Anyone can click a button and capture a digital photo. It’s what happens next -- polishing, organizing, and editing your photos -- that isn’t always easy. Fortunately, Mac users can download iPhoto 2, absolutely free -- and get themselves a copy of iPhoto 2: The Missing Manual.
iPhoto 2 is elegant and uncluttered -- but that doesn’t mean it isn’t powerful. The second version of this software is a major upgrade, and the online help files don’t do it justice. That’s where iPhoto 2: The Missing Manual comes in. Longtime Mac aficionado (and New York Times technology columnist) David Pogue will help you get the most out of iPhoto 2 -- and your digital camera.
If you haven’t yet bought your digital camera (or are planning to upgrade), Chapter 1 offers expert advice. (Which features do you need? What do you need to know about memory capacity? Battery life? Image resolution settings?) Then, before he even gets to iPhoto, Pogue gives you a thorough grounding in the “artistic” side of taking digital pictures: stuff most “software” how-to guides don’t cover. What’s the “rule of thirds,” and how can it improve the composition of your photos? How do you avoid backgrounds that distract from your photos?
Pogue shows how to go beyond simple snapshots to take better action and sports photos; portraits and self-portraits that truly capture their subjects; better pictures of your fidgety kids; better travel photos, indoor theater and museum photos, even better underwater pictures. (That’s assuming you’re equipped for it. Digital cameras are not born waterproof!) There’s even a tip on avoiding red-eye without using your camera’s blinding “red-eye reduction” features.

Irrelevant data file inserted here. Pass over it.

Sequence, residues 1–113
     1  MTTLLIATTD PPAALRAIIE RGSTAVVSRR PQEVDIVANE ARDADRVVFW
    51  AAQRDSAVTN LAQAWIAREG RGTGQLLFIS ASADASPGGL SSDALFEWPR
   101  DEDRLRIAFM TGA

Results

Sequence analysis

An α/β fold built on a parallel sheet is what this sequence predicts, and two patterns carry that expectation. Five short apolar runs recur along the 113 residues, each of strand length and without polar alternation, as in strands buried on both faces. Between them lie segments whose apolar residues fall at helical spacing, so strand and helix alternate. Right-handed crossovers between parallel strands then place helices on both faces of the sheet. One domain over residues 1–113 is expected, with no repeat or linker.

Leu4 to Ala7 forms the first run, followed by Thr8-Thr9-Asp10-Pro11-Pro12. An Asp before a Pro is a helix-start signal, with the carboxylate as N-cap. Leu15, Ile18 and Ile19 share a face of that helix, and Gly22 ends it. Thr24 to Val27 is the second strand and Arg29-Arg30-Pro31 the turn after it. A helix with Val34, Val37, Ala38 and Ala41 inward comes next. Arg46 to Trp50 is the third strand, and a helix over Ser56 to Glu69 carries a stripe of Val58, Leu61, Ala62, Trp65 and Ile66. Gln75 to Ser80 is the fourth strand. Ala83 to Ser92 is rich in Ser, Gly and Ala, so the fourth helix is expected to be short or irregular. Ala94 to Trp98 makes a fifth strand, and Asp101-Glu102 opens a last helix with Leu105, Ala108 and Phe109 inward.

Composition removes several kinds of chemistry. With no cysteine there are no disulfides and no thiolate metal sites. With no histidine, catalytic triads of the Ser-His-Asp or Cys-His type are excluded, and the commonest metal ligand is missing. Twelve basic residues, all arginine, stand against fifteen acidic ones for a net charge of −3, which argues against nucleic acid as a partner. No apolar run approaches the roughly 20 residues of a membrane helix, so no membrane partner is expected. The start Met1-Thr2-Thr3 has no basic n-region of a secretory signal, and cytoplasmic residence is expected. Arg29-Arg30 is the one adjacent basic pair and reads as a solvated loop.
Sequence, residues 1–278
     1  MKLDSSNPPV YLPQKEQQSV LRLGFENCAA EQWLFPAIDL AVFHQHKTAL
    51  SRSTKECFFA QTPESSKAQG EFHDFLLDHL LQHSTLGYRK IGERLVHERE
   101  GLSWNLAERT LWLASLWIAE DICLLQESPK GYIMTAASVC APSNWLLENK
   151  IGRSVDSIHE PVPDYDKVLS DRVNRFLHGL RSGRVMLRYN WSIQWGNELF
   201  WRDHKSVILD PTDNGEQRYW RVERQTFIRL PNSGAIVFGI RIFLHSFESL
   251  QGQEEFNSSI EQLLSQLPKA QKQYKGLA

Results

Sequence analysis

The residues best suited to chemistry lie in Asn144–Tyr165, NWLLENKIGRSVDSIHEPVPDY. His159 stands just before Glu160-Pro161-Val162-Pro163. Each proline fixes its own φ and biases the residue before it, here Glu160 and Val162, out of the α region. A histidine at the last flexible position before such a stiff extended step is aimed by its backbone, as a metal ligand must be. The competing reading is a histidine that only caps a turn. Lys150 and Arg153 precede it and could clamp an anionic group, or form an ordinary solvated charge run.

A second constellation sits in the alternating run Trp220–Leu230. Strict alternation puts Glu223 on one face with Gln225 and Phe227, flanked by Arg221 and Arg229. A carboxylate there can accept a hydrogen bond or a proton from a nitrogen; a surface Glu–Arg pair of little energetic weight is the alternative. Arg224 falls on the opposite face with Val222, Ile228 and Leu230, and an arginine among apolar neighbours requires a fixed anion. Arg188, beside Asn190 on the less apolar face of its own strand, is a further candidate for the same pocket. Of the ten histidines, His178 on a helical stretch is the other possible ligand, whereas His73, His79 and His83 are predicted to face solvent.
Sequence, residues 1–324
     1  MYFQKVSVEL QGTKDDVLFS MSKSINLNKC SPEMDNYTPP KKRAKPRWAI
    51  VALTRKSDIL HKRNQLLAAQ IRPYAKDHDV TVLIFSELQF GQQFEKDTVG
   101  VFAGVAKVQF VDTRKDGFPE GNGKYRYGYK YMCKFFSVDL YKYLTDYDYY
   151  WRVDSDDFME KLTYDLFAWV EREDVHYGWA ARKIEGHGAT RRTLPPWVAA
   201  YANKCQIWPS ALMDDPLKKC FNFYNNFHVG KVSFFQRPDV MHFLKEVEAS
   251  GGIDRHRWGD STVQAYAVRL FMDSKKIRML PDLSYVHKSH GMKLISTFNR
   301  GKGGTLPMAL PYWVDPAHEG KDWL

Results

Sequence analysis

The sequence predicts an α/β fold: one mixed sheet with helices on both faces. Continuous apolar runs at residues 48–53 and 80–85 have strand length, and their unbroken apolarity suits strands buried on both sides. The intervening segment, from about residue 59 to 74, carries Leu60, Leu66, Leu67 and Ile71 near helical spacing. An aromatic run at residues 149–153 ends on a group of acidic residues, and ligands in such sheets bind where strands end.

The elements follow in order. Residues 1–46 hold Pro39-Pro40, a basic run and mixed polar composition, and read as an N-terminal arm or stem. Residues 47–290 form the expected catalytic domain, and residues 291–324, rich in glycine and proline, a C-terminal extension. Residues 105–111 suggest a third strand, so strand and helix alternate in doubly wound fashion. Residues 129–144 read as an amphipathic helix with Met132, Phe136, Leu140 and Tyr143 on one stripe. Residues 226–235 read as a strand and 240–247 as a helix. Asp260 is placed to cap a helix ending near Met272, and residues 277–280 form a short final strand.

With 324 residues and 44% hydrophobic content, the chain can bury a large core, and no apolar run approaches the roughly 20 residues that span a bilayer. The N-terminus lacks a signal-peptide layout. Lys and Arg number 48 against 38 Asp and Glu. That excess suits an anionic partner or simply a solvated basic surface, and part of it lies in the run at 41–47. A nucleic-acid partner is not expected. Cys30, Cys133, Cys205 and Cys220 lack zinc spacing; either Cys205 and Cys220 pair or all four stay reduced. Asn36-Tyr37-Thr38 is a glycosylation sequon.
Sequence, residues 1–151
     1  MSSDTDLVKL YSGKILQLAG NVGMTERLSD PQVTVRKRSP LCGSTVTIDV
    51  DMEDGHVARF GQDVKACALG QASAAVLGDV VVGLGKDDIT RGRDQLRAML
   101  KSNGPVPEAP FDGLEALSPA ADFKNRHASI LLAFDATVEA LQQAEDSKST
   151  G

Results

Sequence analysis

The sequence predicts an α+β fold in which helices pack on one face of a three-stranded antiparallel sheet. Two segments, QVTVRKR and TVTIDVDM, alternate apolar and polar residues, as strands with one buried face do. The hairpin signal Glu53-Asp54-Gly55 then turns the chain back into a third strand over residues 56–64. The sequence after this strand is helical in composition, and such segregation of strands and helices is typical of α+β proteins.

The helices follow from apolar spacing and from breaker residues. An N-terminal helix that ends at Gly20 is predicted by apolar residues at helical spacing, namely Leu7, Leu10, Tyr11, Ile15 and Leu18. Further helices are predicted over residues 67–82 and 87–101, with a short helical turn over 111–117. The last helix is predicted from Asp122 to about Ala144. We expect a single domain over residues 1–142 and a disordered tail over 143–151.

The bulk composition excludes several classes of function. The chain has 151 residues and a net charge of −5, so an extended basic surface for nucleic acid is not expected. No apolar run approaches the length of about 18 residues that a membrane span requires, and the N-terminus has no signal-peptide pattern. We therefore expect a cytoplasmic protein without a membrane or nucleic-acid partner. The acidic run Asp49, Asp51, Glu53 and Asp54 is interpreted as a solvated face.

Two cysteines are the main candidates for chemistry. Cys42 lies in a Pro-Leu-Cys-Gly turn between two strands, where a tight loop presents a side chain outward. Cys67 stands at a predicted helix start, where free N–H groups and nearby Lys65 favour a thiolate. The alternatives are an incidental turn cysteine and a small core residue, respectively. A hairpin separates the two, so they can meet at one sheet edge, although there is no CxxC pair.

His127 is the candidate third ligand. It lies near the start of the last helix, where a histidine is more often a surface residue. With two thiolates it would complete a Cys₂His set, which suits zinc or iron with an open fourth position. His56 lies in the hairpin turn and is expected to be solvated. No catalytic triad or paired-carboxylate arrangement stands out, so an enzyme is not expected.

By now, you’re itching to get your images into iPhoto 2. Part II covers all the basics: importing, organizing, and filing photos, searching and finding images you’ve filed, and editing them to fix lighting or composition problems. You’ll especially appreciate iPhoto’s major improvements in keywords -- and the new Keywords palette, which simplifies both keyword assignments and searches. And, while iPhoto’s still no Photoshop, Pogue covers its significant photo-editing improvements -- including the Enhance tool for “punching up” washed-out colors, and the Retouch tool for cleaning up blemishes, wrinkles, and other imperfections in your subjects.
Part III covers your myriad options for sharing photos you’ve brought into iPhoto 2: slide shows, prints you order over the Internet, hardbound gift books, web pages, emails (now you can use any email software, not just Mail), even QuickTime slide shows you distribute via Web, CD, or DVD (via iPhoto’s new integration with iDVD).
In Part IV, Pogue goes even further. Want to turn your photo into a screen saver or a desktop picture? Need to switch among photo libraries? Control how iPhoto exports images? Extend iPhoto with plug-ins? Extend it even further with your own custom AppleScripts (supported for the first time in iPhoto 2)? Back up your images with the equally new Burn to CD? All that’s covered here, and much more. With some help from Pogue, iPhoto 2 could be all the digital photography software you’ll ever need. Bill Camarda
Bill Camarda is a consultant, writer, and web/multimedia content developer. His 15 books include Special Edition Using Word 2000 and Upgrading & Fixing Networks for Dummies, Second Edition.